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I'd like to post the same content on different domains, where those domains are regional news sites and thus have different audiences which in times are interested in the same news.

Is Google likely to punish this for duplicate content and if so what is the best way to handle this? Do I use a canoncial tag to flag one domain as the original? Is there a way to tell Google to prefer one domain over another based on a user's location, since I don't have a definitive original source?

  • I don't see how this answers my question – SomewhereDave May 18 '18 at 7:52
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Google has a blog post from back in 2009 talking about canonical links and how to handle them across domains. Which is also padded out with a lot of other information on helpful ways to reduced duplicate content, or what could be perceived as duplicate content.

They still list a lot of these suggested practices in their search console duplicate content guide as well.

And follow up with more of it on their duplicate URL consolidation page which has specific mentions of how canonicals can be used across domains to cut down on duplicate content.

Moz has one of their typical think pieces on how to optimally use canonical links across domains. You can take that for what you want since people have mixed feelings about Moz.

To sum it all up as long as you have a canonical link Google should not regard this as duplicate content to be punished because it has one primary home.

On a personal note I think you should be fine as well. If the content is in fact relevant to both locations then Google will pick up on that as good, relevant information for both locations. Providing them with a canonical link to make it clear that you're aware this is duplicate content, but fits both places, with a primary home at X location shouldn't be punished.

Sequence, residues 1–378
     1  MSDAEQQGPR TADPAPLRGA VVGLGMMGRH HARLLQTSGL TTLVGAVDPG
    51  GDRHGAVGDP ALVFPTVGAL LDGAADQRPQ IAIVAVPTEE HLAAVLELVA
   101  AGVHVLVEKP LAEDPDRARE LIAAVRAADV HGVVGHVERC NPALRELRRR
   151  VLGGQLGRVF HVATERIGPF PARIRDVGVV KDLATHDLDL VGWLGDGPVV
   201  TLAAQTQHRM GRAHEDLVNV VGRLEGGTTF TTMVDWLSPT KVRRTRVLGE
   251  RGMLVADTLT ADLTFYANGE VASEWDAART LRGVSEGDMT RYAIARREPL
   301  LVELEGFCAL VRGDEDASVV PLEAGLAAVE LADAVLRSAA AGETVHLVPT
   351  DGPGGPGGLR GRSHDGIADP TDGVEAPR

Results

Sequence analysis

• "To sum it all up as long as you have a canonical link Google should not regard this as duplicate content to be punished because it has one primary home." There is no primary home in the sense that all duplicates point to one URL as the original. Thus far, all these news URLs reference themselve with a canonical tag, which looks odd to me. – SomewhereDave May 17 '18 at 7:48
  • So you're saying that URL at domain 1 is canonical to itself at domain 1? With URL at domain 2 being canonical to itself at domain 2? Because your right that is odd and self defeating of the purpose of canonical links. They are meant to allow content to go a lot of places but indicate a primary home or origin point. Having them simply be canonical to themselves doesn't make a whole lot of sense since then it doesn't tie all the content together in some way. – BelugaWhale May 17 '18 at 13:04
  • Exactly. I assume someone thought this would mark all sources of the content as "orginial" sources, when it really seems superfluous. The question that remains is, if it would be better to simply remove any kind of canonical if all sources are thought of as equal (at least in their respective region). However, in this case I would expect some kind of oscillating popularity with the different news sites in Google, since Google does not know, which URL to prefer. – SomewhereDave May 17 '18 at 14:38
  • I checked some publisher websites and almost all of them use a canonical on article URLs referring to themselves. So I guess there is a use in self-referring canonicals? – SomewhereDave May 18 '18 at 9:07

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